Governor’s budget deserves Alaskans’ support

The governor’s budget has attracted a lot press lately, some town halls and much discussion among Alaskans. People seem to forget that the governor’s budget is the product of the last four years of the Walker administration’s failures, including a $1.6 billion deficit.

Gov. Mike Dunleavy inherited a state government that was responsible for stunning failures. Alaska ranked 51st in fourth-grade reading and writing skills, 50th in public safety, 50th in economic growth and 50th in job opportunities, to name a few categories in the U.S. News and World Report’s index of the status of the states and Washington, D.C. Senate Bill 91 produced a crime wave and opioid abuse on a scale that has affected too many in Alaska. A massive failure in education and the family has been steadily increasing in magnitude in Bush Alaska, resulting in a high percentage of those ages 17-34 being ineligible for military service due to education and criminal records disqualifications.

Mike Dunleavy inherited a state government with massive overspending and abuse. For example, the state Medicaid program spends millions of dollars each year on transporting Bush residents to medical appointments in the major cities. What is the reason that this cost is not borne by the regional Native corporations, some of which are worth billions? Let them subsidize their constituents’ transportation costs.

Further, this part of the population largely votes for Democrats. Yet despite having 44 million acres of resource-rich lands to develop to provide for a future, they fight continually against such development and expect more support from government.

We have seen the enemy and they are us, the cartoon character Pogo used to say.

Those criticizing the governor’s budget ignore the violations of our Statehood Compact by the federal government that have removed from access or development an additional 110 million acres under the Alaska National Interest Lands Conservation Act, thereby denying rational surface transportation infrastructure development and resource development to provide for money to meet the needs of the state. Not to mention the egregious impact upon sovereignty with the dismissal with prejudice by former Gov. Tony Knowles of the state’s challenge to the Katie John decision.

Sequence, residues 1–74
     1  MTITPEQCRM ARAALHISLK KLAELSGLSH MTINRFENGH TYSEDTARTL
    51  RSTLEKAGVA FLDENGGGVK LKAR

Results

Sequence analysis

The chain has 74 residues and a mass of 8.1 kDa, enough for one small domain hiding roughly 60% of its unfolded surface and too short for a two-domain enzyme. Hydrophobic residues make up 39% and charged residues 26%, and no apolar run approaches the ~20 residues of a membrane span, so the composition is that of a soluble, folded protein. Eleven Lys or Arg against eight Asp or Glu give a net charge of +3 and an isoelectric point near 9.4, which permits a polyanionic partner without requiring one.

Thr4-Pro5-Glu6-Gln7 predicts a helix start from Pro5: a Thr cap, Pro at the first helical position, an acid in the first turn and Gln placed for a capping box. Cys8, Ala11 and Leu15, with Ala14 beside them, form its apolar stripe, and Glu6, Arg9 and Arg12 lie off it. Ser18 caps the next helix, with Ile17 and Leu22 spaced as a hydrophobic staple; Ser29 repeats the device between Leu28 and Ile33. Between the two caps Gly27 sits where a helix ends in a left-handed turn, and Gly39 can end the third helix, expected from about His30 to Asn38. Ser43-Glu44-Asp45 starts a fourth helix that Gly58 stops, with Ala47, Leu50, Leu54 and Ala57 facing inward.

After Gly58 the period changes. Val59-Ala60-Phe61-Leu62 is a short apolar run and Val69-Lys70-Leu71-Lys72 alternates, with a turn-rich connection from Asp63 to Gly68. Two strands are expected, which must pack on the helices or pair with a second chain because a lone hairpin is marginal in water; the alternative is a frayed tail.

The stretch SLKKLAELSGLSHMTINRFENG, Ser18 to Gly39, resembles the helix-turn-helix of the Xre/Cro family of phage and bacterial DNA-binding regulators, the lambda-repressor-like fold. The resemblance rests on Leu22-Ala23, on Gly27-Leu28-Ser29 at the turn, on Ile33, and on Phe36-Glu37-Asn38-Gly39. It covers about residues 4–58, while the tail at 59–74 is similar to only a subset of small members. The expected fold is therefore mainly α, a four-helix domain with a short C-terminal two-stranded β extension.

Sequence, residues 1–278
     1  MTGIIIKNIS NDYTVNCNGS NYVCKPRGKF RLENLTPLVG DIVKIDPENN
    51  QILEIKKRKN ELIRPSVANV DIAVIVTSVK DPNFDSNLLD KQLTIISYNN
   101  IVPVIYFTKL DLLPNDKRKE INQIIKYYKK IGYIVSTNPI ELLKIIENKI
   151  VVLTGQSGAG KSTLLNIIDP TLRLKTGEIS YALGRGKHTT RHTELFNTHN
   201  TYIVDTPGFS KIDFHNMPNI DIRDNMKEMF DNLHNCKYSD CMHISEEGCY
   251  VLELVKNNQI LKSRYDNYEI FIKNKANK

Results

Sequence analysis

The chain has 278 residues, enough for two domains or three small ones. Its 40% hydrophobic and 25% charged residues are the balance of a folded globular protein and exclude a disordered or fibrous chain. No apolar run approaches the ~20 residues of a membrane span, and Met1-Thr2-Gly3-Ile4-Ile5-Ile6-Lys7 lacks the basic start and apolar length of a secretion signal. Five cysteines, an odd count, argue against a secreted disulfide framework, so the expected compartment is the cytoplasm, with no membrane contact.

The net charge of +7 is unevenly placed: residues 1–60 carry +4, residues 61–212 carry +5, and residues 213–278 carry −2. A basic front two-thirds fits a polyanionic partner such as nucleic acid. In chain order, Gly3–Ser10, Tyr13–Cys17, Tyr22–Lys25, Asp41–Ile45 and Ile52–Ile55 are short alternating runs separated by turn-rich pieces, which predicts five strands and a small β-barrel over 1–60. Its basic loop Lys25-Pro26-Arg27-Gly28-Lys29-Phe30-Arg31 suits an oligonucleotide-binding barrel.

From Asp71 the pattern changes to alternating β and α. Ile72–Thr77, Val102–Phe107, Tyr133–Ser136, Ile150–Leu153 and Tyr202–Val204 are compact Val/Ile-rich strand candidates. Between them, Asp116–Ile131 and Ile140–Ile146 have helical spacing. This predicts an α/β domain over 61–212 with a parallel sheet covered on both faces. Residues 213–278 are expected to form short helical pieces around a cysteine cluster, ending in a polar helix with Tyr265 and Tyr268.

Even President Donald Trump violated our Statehood Compact, with Sen. Lisa Murkowski’s blessing, by reducing the state’s share of any future royalties from Arctic National Wildlife Refuge oil and gas development by 40 percent.


Those criticizing the governor’s budget ignore the fact of the growing deficit budgets that had become the norm with the massive revenues from oil production.

Further, those criticizing the budget ignore the fact that since the oil lease sales of the early 1970s, the Legislature and the governors have refused any constraints upon spending in order to provide the plebes their circus without anything to show for the grotesque budgets that kept growing without restraint. The die was cast for any crash of oil prices, given the steady drop in oil production over the years.

Gov. Dunleavy’s response to this runaway budget train was to attempt to throw the brakes on to slow the growing deficit by offering a balanced budget – spend no more than the amount of revenues taken in. This is the same any responsible citizen would do for themselves in managing their spending versus revenues.

Gov. Dunleavy did nothing more than make an opening gambit in a game of chess. The House and Senate must now respond to the governor’s opening move. Do they continue to spend the state into insolvency, or do they negotiate a reasonable compromise? Will Gov. Dunleavy hold the line and use the veto?

The House writes the checks, not the governor. However, the governor does have a line-item veto. The governor has shown his “hand” in his balanced budget. It is now incumbent upon the Legislature to find a way to deal with the governor’s opening move, or to ignore it.

Where the Walker administration chose to pursue policies that harmed Alaskans, drove out industry and reduced investment in Alaska, Gov. Dunleavy has chosen to challenge the Legislature, to return the PFD funds to Alaskans, and to show this administration’s intent to give fiscal stability to encourage investment in Alaska, meaning jobs, opportunity and growth, not failure across the board.

We need to support our governor and to realize that if he fails to halt the unreasonable growth in government, Alaska will be a failed state, economically and otherwise, into the future.

Larry Wood is a 64-year Alaskan living on Lazy Mountain outside of Palmer.

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Larry Wood

Larry Wood is a 64-year Alaskan living on Lazy Mountain outside of Palmer.